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Promoting CCU in Europe: Thinking Beyond ETS
This blog was coauthored by Jeroen de Beer, Tom Berg, and Lucie Pfaltzgraff
The Role for CCUS in the Green Deal
Avoiding climate change is still high on the agendas of governments and corporations worldwide. There are encouraging signs that COVID-19 economic stimulus packages can focus on building back better, using economic recovery toward a more sustainable society. Ursula von der Leyen, president of the European Commission, said that “[the EU recovery plan] turns the immense challenge we face into an opportunity, not only by supporting the recovery but also by investing in our future: the European Green Deal and digitalization.”
Among other items, the Green Deal aims to achieve net-zero carbon emissions by 2050 and to create a circular economy by reducing and reusing waste.
For both aims, carbon capture, utilization, and storage (CCUS) technologies are likely going to be part of the solution. CCUS consists of technologies that capture carbon from industrial processes or the atmosphere and recycle and reuse or permanently store it. CCU will be critical for achieving a net-zero carbon emissions world, as carbon will remain an important building block for many materials.
Only CCS Is Recognized Under EU ETS Today
EU ETS (Emission Trading System) is an increasingly effective market mechanism to drive industrial decarbonization. Whereas emissions reduced by CCS are recognized under ETS, CCU is not. Most CCU processes do not permanently sequester carbon dioxide but use it to avoid emissions elsewhere.
If CCU is recognized under ETS, harmonized life cycle assessments (LCAs) combined with appropriate monitoring protocols will be needed. As ETS was designed to reduce point-source emissions, the mechanism is less suited to track emissions over a CCU product life cycle. Including LCAs in monitoring protocols would make the ETS more complex and costly. Without those, only CCU processes that permanently sequester carbon dioxide could be stimulated under the ETS.
Government Support for CCU
CCU-based products will be more expensive compared to their fossil fuel counterparts in the foreseeable future. CCU will need policy support to fulfill its role. But with CCU technologies being such a heterogenous group, support mechanisms will come in different forms.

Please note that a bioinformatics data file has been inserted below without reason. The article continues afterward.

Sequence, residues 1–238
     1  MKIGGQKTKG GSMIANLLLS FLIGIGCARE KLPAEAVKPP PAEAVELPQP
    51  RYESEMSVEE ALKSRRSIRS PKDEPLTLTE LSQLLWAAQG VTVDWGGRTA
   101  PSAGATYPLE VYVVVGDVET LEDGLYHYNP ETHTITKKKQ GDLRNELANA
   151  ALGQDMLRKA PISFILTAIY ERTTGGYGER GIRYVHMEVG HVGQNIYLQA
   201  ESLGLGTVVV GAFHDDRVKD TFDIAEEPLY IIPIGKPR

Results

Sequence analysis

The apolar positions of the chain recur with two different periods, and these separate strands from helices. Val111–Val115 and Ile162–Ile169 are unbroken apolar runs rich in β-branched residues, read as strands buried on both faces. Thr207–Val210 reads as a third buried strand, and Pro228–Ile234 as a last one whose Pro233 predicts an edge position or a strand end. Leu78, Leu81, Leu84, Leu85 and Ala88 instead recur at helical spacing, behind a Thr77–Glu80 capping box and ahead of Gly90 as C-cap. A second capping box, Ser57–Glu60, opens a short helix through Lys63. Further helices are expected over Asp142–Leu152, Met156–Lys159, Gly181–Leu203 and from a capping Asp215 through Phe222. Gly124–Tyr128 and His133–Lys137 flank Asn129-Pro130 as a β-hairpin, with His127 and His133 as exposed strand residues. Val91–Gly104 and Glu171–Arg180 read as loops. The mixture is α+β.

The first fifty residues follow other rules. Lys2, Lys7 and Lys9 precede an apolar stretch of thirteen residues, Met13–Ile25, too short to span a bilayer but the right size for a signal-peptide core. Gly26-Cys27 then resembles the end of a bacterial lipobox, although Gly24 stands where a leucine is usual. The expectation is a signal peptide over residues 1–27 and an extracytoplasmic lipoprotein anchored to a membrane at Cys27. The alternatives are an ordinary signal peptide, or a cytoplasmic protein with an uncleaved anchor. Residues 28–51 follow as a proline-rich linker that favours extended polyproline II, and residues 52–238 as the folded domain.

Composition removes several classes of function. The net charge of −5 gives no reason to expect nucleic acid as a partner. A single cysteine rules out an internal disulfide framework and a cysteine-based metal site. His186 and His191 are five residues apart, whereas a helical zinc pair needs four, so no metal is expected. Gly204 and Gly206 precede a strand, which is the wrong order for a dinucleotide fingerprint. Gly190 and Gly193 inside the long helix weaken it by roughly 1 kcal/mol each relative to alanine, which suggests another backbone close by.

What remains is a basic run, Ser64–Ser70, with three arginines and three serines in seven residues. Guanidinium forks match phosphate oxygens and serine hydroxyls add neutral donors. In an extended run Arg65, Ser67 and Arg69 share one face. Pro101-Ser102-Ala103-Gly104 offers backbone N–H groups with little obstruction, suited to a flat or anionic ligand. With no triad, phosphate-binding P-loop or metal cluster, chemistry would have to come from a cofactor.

The market introduction of CCU products can be pushed by financial support schemes. The Innovation Fund is used to support the scale-up of technologies with promising markets that support emissions reduction in industry. Contracts for Difference (CfD) compensates the difference between the CCU costs and the market price of an alternative and gives OPEX protection from a volatile market. The Dutch SDE+ is a variation of a CfD scheme. Market players bidding for the lowest subsidy per metric ton of carbon avoided are offered a 15-year guaranteed market price.
The demand for CCU products also can be promoted, for example, by introducing Guarantees of Origin certificates. A certificate proving the origin of carbon in a product creates a green market, similar to green electricity certificates. Another option includes the use of a carbon tax to render fossil fuel-based alternatives more expensive. This measure would disadvantage the use of fossil fuel resources and benefit the use of recycled carbon dioxide.
Given the multitude of CCU technologies and markets, a hybrid of support schemes will be necessary. Challenges must be solved, like the complexity of monitoring emissions over the product’s life cycle.
Corporations Can Prepare for a Role in CCU Markets
Climate policies will evolve over time and will include CCU. Corporations should start to introduce CCU products to market and determine how their business fits a net-zero emissions scenario. Fossil-intensive products do not fit in a net-zero emissions society, but certain demand for carbon-based products will remain. Companies acting now can seize these new markets, ensuring business and continuing to serve their customers in working toward a net-zero and circular economy by 2050.